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U.S. Strawbale Construction:
A Brief History

 

 

Because sod houses, typical for settler dwellings elsewhere, could not stand on the soils of Nebraska, early pioneers used bales of prairie grass for construction material. When the prairie-grass-bale houses withstood even the extreme winters of Nebraska, the settlers quickly adopted the constructions as permanent homes. The invention of steam-powered balers in Nebraska in the late 1800s made straw easy to harvest and compress into bound bales

Between the early 1900s and 1950s, straw bale was a much-used building method. However, in the 1950s, when mass-produced construction materials began to emerge, the older method lost popularity and was virtually unknown until its reintroduction in the early 1970s.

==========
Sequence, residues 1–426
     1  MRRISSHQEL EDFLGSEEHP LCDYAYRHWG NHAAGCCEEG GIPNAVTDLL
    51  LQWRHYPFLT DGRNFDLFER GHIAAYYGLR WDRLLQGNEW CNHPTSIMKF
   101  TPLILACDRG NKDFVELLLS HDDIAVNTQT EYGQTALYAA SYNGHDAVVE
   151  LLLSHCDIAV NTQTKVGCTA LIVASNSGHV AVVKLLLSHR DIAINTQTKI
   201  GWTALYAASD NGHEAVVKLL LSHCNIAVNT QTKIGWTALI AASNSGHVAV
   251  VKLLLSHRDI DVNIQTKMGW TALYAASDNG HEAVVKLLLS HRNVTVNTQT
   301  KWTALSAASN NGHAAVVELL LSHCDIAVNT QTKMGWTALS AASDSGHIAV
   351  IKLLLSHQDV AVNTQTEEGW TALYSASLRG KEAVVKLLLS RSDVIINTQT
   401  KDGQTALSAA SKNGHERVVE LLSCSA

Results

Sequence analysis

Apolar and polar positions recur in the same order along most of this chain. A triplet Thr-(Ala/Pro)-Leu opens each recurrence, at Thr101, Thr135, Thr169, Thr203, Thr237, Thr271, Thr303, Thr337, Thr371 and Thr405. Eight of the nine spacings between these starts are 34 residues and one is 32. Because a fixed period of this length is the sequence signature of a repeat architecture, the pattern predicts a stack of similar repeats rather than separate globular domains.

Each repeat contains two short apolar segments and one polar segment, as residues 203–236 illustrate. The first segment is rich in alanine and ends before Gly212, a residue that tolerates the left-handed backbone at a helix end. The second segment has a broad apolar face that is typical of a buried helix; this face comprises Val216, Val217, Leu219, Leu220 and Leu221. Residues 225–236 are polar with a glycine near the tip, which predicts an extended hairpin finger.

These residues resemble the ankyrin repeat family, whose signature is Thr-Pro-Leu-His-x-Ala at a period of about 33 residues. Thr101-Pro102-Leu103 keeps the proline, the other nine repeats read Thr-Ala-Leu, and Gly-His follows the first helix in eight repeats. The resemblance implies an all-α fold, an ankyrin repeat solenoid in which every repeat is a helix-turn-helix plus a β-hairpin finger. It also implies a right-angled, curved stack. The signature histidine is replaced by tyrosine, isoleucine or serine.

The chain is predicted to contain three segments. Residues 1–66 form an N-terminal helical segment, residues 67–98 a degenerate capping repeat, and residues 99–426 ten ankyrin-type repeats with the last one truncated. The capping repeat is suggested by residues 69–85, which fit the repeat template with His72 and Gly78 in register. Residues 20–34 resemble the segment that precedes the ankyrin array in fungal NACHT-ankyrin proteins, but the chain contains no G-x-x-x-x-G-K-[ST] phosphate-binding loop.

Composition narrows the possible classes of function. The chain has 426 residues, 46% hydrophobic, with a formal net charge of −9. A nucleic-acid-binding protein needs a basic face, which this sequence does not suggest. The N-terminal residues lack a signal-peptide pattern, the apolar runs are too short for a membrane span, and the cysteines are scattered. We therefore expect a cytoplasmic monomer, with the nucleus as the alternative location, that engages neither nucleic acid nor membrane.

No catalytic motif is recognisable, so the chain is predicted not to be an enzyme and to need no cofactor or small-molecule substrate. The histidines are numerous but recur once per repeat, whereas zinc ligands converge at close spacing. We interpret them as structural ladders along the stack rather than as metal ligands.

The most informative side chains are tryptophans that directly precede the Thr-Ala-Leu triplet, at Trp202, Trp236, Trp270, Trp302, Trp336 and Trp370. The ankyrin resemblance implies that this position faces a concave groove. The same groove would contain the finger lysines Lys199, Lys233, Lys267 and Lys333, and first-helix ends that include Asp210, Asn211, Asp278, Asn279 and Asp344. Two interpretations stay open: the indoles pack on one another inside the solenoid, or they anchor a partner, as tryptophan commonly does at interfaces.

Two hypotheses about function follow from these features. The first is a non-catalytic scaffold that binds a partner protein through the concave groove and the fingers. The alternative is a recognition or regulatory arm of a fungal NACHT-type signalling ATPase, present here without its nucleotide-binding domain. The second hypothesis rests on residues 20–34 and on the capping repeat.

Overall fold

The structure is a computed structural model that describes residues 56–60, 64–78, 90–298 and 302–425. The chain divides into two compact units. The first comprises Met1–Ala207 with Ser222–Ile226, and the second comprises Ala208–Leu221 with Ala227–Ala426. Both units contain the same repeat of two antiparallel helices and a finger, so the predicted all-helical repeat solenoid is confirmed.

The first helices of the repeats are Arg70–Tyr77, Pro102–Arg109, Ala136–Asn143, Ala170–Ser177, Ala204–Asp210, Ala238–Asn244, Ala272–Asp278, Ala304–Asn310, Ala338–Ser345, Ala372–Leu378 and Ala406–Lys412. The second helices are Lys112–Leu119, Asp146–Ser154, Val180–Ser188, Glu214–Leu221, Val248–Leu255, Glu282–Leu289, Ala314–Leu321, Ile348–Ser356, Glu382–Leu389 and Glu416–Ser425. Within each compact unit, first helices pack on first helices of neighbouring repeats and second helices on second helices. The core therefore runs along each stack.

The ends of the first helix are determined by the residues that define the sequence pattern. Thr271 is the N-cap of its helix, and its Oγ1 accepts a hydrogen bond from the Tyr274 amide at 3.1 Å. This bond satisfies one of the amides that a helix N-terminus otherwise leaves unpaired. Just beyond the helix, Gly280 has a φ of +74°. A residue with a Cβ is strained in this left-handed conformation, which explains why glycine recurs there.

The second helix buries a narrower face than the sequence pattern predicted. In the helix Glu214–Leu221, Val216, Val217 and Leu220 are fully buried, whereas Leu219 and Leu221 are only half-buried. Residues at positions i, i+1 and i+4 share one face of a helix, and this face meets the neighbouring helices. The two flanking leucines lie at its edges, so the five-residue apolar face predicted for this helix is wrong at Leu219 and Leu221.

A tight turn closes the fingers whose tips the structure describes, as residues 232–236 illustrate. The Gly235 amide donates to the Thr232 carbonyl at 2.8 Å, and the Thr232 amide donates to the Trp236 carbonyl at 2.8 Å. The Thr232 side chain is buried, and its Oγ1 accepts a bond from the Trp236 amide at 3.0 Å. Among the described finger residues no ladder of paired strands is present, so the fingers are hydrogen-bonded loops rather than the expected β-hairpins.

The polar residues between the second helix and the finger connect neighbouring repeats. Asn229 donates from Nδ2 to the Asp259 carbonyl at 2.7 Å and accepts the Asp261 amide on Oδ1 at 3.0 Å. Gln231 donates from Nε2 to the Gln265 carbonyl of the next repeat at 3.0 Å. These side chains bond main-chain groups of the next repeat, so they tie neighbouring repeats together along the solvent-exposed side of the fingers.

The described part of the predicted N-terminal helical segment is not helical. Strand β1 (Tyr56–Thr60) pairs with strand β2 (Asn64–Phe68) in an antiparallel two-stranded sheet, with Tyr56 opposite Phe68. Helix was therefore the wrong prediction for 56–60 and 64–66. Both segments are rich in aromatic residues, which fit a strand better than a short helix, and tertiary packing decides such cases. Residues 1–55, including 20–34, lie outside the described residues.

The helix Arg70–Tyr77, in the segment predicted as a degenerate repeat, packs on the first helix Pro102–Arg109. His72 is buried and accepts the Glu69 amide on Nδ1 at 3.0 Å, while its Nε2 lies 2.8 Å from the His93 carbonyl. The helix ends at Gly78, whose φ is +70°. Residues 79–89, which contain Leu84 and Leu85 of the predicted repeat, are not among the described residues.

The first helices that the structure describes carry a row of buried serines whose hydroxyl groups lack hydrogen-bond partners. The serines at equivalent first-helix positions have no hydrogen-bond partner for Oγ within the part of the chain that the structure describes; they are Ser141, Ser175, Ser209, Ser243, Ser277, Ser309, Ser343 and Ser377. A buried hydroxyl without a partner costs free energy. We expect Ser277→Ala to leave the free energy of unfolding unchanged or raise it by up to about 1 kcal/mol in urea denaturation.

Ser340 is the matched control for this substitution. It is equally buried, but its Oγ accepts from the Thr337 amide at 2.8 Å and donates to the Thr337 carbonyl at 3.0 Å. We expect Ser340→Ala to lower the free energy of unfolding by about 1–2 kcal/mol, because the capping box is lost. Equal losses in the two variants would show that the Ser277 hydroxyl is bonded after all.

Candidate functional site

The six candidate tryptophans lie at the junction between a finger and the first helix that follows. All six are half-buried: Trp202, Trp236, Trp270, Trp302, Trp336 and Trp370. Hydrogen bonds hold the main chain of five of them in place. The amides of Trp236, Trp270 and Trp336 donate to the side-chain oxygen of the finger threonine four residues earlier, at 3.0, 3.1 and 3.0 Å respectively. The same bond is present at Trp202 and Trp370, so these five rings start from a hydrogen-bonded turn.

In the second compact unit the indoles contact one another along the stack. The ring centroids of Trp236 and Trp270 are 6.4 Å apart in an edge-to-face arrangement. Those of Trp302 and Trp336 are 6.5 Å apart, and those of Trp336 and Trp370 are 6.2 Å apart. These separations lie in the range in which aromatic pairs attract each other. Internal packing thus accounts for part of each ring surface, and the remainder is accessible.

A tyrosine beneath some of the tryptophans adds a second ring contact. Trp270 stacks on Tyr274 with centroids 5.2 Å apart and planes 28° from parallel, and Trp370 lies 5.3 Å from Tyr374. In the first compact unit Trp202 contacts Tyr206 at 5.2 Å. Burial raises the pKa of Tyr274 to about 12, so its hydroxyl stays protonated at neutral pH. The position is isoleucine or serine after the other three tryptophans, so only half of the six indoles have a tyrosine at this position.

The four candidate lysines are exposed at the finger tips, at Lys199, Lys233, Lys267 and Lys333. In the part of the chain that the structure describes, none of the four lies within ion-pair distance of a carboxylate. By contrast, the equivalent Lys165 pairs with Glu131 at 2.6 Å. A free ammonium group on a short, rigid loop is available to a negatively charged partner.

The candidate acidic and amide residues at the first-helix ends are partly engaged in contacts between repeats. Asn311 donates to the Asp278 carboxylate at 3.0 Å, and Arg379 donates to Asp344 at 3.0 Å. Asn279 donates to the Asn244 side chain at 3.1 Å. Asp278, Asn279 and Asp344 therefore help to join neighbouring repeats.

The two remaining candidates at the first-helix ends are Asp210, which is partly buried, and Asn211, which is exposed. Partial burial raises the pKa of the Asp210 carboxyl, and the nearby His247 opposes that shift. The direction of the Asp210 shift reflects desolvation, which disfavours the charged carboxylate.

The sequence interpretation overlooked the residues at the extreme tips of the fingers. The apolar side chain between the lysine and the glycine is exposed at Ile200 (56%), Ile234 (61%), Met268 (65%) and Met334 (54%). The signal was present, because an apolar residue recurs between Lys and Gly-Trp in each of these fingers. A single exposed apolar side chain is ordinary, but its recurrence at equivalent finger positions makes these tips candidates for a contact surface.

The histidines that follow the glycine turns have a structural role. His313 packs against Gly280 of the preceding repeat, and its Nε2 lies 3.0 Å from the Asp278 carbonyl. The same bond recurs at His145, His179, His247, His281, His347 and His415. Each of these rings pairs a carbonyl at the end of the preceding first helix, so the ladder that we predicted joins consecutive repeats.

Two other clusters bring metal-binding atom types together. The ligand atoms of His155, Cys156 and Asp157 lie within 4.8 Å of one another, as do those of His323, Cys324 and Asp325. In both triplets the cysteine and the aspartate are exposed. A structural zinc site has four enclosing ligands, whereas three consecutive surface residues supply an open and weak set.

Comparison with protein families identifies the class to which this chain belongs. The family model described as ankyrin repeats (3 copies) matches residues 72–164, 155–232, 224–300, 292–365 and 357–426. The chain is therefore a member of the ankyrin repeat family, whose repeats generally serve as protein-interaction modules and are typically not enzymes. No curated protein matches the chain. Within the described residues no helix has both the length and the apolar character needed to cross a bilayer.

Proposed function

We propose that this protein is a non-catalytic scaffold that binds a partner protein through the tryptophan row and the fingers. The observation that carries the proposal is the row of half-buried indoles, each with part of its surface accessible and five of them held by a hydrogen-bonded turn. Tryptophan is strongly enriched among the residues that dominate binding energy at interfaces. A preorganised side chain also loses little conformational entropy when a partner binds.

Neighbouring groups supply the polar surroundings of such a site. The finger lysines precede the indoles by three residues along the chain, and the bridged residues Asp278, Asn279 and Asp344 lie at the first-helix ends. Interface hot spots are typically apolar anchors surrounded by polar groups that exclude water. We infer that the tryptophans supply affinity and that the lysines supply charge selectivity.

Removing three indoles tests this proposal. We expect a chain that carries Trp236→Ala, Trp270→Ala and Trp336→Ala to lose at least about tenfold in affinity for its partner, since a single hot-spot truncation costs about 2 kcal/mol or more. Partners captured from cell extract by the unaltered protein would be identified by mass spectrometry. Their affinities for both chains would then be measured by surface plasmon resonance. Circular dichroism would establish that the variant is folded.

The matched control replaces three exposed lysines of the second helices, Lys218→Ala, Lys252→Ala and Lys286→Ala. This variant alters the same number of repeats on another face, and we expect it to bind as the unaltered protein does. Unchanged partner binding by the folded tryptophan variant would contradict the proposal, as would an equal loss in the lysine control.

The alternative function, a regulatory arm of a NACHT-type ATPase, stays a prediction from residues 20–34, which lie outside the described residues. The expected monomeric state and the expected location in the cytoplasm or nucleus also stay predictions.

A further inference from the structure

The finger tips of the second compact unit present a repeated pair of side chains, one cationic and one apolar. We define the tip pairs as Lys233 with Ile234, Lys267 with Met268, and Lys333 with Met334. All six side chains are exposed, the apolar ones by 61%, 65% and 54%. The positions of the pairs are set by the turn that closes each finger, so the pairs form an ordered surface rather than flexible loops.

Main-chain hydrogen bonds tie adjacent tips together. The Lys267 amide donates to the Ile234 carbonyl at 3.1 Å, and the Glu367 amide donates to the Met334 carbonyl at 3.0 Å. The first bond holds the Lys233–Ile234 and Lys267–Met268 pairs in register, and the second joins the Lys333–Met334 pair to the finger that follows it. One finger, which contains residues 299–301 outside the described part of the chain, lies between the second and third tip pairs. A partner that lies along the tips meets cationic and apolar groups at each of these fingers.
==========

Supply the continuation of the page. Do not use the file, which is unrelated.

Strawbale houses are of two kinds. In the Nebraska style, straw walls carry the weight of the roof. In a post-and-beam construction, a wood frame supports the roof and other loads, and straw is in-fill for insulation. In both types, the bales sit on a concrete or stone slab to prevent moisture seepage. Assembly--skewering the bales on rods to form solid walls--can be done by unskilled workers.

Five years ago the first permit for a load-bearing straw bale home was granted in Tucson, Arizona, opening a wide variety of construction possibilities. The cost-effective, energy-efficient procedure is said to be easily mastered by anyone with the time and money to pursue it.

The cost can range as low as $5-$20 per square foot, for a home that uses owner/builder labor and salvaged or scavenged material, or as high as $80 or more per square foot for a structure entirely contractor built and customized.